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Sunday, July 31, 2005

Find web pages which link to a particular URL / real?

Find web pages which link to a particular URL

You can find web pages which reference a particular URL using this search
method on Google:

link:url-you-want-to-know-about-here.com

So, for example, a Google search of "link:http://www.aunty-spam.com" turns
up web sites which link to Aunty.

Note that there is no space after the "link:"

Find web pages which have your search terms in the title

A really useful way to quickly zero in on that for which you are searching
is to limit your search to pages which have your search terms right in their
title. You can do this with the "intitle:" limiter. For this search you must
put the full search string in quotes:

"intitle:term1 term2 term3?

Example:

A Google search of "spam blockers" turns up 637,000 hits. (A search without
the quotes turns up a whopping 1,150,000.)

By contrast "intitle:spam blockers" (note again the lack of a space between
the ":" and the first search term), turns up 730 hits, all of them highly
focused, as they are pages whose titles contain the term "spam blocker".

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Wednesday, July 27, 2005

Containers from Kerala used in London attacks? / Fasting ascetic passes away


Containers from Kerala used in London attacks?

G. Anand

British police say the containers were manufactured and supplied by a
Thiruvananthapuram firm

THIRUVANANTHAPURAM: An important clue to the recent terrorist attacks in
London may lie in plastic food storage containers exported from Kerala to
the U.K. and sold through retail outlets in that country.

A Thirvananthapuram-based company, which exports moulded plastic articles to
the U.K., was contacted by the London Metropolitan Police investigating the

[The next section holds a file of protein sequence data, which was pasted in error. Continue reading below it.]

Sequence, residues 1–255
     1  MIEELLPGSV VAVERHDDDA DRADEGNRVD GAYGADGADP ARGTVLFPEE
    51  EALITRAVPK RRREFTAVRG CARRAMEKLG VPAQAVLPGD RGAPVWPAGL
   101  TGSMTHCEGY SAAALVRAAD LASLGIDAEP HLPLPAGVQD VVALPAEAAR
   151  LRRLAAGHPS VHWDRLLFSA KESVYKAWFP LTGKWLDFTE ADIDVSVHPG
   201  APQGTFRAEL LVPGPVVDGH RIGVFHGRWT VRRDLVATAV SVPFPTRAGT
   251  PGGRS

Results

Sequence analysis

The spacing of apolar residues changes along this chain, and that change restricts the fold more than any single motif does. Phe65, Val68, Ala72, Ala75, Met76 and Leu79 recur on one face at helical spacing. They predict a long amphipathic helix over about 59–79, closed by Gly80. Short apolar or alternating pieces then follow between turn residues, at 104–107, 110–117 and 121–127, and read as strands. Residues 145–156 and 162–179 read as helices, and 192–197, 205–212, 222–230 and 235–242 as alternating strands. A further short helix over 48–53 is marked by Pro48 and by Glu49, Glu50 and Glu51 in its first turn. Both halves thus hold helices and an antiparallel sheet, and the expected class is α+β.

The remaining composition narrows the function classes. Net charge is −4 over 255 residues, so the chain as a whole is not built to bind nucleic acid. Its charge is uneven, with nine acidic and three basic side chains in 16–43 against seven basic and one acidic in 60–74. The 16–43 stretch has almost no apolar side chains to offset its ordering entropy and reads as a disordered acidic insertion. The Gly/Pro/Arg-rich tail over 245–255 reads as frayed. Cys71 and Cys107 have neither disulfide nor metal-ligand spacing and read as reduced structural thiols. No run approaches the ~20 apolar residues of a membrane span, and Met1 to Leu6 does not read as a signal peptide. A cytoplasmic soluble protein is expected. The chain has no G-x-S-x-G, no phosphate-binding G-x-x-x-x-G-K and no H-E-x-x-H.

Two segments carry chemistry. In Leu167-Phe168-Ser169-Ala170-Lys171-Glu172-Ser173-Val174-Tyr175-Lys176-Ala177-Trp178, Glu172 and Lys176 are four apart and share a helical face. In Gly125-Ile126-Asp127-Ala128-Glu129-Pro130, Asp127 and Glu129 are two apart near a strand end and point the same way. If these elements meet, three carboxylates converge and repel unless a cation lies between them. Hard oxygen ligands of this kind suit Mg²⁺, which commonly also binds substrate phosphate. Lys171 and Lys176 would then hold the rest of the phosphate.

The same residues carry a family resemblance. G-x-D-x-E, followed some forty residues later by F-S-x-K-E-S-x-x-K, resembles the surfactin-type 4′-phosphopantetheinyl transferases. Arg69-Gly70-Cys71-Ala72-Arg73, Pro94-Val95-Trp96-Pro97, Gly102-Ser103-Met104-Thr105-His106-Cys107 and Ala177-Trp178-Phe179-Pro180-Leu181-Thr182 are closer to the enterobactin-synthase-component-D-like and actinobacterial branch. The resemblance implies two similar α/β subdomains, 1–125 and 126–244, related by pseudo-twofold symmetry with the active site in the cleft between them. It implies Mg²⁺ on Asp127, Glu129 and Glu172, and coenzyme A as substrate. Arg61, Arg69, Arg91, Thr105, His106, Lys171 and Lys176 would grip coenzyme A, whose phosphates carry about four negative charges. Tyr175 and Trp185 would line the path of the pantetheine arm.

bomb attacks. The BBC reported the Anti-Terrorist Branch's claim that all
five bombs that failed to explode "were placed inside dark-coloured
rucksacks or sports bags" and "all of them were made using the same type of
plastic food storage containers."

The British police have now found that the 6.25-litre containers were
manufactured and supplied by `Family Plastics,' a manufacturer of injection
moulded plastic articles at Manvila here. The company is a Rs. 4-crore
manufacturing and export unit owned by Simson A. Fernandez, a local
resident. London shopkeepers stocking similar containers have been asked to
contact the police if they had sold five or more such containers recently.

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Fasting ascetic passes away

A Jain nun (right) and others sit around Ratan Bai, who was performing
"sallekhna" or voluntary death, in Ganj Basoda, near Bhopal. Bai died after
fasting for six months.

BHOPAL(M.P.): Thousands of people flocked to the cremation of a 75-year-old
woman here after she gained attention by slowly fasting to death over six
months in a rare example of an ancient salvation rite of the Jain religion,
her family said. Ratan Bai died on Friday in Ganj Basoda, a small town in
Vidhsha district, 120 km north of Bhopal, her son-in-law, Satish Jain, said.

Like Hindus and Buddhists, Jains believe in reincarnation. Salvation is
obtained by personal effort - leading austere, non-violent lives. A few
Jains undertake "sallekhna," or voluntary death, a ritual for ending the
cycle of death and rebirth. They stop eating and meditate until they die. In
July last year, Ms. Bai decided to undergo "sallekhna." Accompanied by her
three sons and three daughters, she visited the head priest of the Jain
religion, Brahmanand, in nearby Katangi town, Mr. Jain said. The head priest
gave his approval for her to undertake the ritual.

She formally became an ascetic 20 days ago at a ceremony, he said. ``She
voluntarily stopped the intake of solid food six months ago. She took only
fruit juices and water. She stopped taking even fruit juices 12 days ago and
restricted herself to drinking small quantity of water everyday until she
died on Friday,'' said Deepesh Jain, her 19-year-old grandson. Ganj Basoda
has a population of more than 100,000, but many people travelled from nearby
villages in recent weeks as Ms. Bai's fast got extensive media attention.

``This was a way of ultimate purification of the soul,'' said Kiran Godre, a
Jain nun, who looked after Ms. Bai during her ritual. ``She became a saint
in the eyes of the Jain community and hundreds of people visited her during
her fasting days to pay their respect.'' -

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Saturday, July 23, 2005

Saturday, July 16, 2005

Terrible tragedy at Bharat Bhavan / Verdict in Mavoor toxic effluent case upheld /


BHOPAL: Nearly 300 paintings, including priceless ones by J. Swaminathan and